After a fairly strong February, the city of Saskatoon’s March housing market had spring in its step as both new listings and sales rose over last year, by five and 11 per cent respectively.
The Saskatoon Region Association of REALTORS® (SRAR) reported 702 listings were posted to the Multiple Listing Service® (MLS®), up from 668 last March, but significantly down from 850 in 2017.
Sales jumped 11 per cent to 258, up from 233 last year but down from 308 in March 2017.
At the same time, the average selling price dropped four per cent to $316,445, down from just over $328,000 a year earlier, partly due to a higher proportion of entry-level home sales below $400,000. There was also a significant decrease in the number of sales recorded between $400,000 and $450,000. Even so, the dollar volume of homes sold increased seven per cent to just over $81.6 million, up from $76.5 million a year earlier.
“We’re coming into the spring market, and the degradation of prices over the last three year has made it a little more attractive out there. People do get a little bit more optimistic in the spring,” said Jason Yochim, CEO of SRAR.
“Some of that optimism may have sprung from the federal government’s recent policy announcement regarding changes to home buyers’ plan, which provides a five per cent interest-free loan on existing homes, and 10 per cent on new homes, to first-time buyers. Our industry has been lobbying for changes such as this for a long time.”
The Saskatoon Region, which includes smaller communities in the Census Metropolitan Area, saw a five per cent increase in listings, to 1,084 (up from 1,034 in 2017) and a four per cent increase in monthly sales, to 359 (up from 345). Listings generally begin to trend upward as March, and spring, approach.
Excluding Saskatoon, regional listings were flat with last March and sales fell nine per cent to 77, down from 85. The selling price dropped 12 per cent to $275,000. In 2019 so far, Saskatoon and region listings, taken together, are down two per cent to 2,675, 1,736 of those in the city proper. Sales are up two per cent to 929, up from 909 in 2018, and dollar volume has fallen one per cent to $213 million, down from $215.5 million. Active listings sat at 3,184 at the end of March, down one per cent, with 1,611 of those in Saskatoon, down four per cent.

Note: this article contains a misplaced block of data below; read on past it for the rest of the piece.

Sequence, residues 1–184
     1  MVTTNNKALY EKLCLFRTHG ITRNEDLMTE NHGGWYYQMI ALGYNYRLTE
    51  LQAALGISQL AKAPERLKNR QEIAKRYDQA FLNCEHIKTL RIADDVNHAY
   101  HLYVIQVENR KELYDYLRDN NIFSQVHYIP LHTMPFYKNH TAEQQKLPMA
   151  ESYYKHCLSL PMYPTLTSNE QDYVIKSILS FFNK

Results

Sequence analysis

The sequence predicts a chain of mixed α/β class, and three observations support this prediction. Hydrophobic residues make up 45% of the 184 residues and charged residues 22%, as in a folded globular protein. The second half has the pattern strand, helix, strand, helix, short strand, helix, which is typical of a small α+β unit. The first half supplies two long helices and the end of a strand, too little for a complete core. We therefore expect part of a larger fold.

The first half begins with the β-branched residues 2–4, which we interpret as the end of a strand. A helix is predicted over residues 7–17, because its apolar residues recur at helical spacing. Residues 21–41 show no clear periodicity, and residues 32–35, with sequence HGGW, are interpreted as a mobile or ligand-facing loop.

While the 2019 market has been kinder to home sellers than in the last three years, it remains important to price properties appropriately to present conditions, said Yochim. The sales to listings ratio was 37 per cent in March, which still signifies a buyers’ market.
“Home sellers, not to mention buyers, can benefit from the knowledge a REALTOR® brings to a housing transaction. REALTORS® know how to help a seller arrive at a realistic price, and they are also professionals who subscribe to a strict code of ethics. They can guide sellers, and buyers, through the process, and help them make the best decisions.”
The spring market has had a slower start in Prince Albert and region, where listings rose four percent to 128 (from 123 last March) and sales fell 10 per cent to 38, down from 42. Dollar volume was down 29 per cent to $6.7 million, from $9.5 million in the same month of 2018. However, the statistics tend to appear more dramatic to the smaller size of the market.
It was a similar story in The Battlefords region, where listings rose five per cent to 120 units, up from 114 a year ago, and sales fell three per cent to 32. However, that was a drop of just one unit from last year’s 33 sales. Dollar volume fell 37 per cent to $4.5 million from just over $7 million. The region did, however, see an increase in the average price of four per cent to $188,000. Dollar volume was down 22 per cent to $4.5 million.
“The market is considerably more challenged in smaller cities. Saskatoon hasn’t been affected as much on sales activity because of our diversified economy.”
Jason Yochim, CEO, SRAR